The heart of every team and player experience is the coach. Coaches have a choice of
going down one of two paths. One is a win-based approach. The other is often
called developmental, but I prefer to call it "relationship- and experience-based coaching. "
Win-approach coaching is the most common by far (especially these days). It involves short benches, and scheduling more and more games to build a winning record. As a result, the dialogue between coach and players is one-sided and mostly counter-productive. It can result in brawls during the post-game handshake line, reckless play, lack of respect for the rules, opponents, officials, coaches and the game itself.
The relationship/experience based coaching approach is far better for players, coaches and parents alike. The use of the term "development" implies that it is an approach to coaching that takes time, that takes the long view, the outcome of which won't be known for a while and may not result in immediate success, if success is measured by wins and losses.
And who is doing the development? Most youth and even many high school
coaches have little training in hockey skill development, and, in most
instances every player on the team get the same "development' program. Since most boys are finished with the competitive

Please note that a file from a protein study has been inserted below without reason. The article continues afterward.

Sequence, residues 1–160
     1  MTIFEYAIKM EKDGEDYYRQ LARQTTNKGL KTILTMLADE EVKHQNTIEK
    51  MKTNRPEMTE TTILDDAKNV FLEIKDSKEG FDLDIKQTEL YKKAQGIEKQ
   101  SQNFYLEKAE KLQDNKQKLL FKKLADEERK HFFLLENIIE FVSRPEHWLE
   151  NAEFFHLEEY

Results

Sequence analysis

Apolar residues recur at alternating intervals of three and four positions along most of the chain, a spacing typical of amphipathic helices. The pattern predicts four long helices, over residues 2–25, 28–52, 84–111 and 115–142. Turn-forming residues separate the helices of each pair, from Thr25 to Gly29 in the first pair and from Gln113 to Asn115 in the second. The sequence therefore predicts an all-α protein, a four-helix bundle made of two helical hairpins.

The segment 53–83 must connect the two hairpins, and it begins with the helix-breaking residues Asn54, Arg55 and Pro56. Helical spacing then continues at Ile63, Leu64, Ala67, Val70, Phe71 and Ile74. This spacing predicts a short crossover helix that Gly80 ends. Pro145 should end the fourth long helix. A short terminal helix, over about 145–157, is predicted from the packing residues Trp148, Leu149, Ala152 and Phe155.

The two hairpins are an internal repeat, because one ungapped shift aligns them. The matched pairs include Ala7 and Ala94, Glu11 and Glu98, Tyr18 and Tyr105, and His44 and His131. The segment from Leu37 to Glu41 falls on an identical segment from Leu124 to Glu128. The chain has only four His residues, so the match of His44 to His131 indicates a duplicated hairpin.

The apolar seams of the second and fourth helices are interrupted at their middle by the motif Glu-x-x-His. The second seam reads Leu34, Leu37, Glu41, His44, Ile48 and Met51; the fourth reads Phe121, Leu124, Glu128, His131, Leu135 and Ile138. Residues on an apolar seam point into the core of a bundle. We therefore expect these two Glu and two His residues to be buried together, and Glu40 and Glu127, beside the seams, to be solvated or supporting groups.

level of hockey by age 16, the question becomes, what exactly are they developing to or for?
Kids came to the rink to play hockey. They came to the rink to be with their friends. They came to the rink to experience all that hockey offers. And some will move on to bigger and better things in hockey.
Yes, skills have to be learned at every level. Yes, there needs to be team structure. Yes, the coach needs to be the leader. But the kids are the ones who play the game. Let them play. Let them create their experience, and let them enjoy what a great game hockey can be.
When in doubt a coach should step back and consider how she or he would want to be coached and then apply those approaches to their style. Still confused? Pick up a copy of the book, Double Goal Coach from the Positive Coaching Alliance, an easy-to-read book filled with lots of great advice about coaching.
This is not rocket science, gang. It is not Xs and Os. It is fundamental human relationships and common sense.
Hal Tearse is former Coach-in-Chief & Safety Director for Minnesota Hockey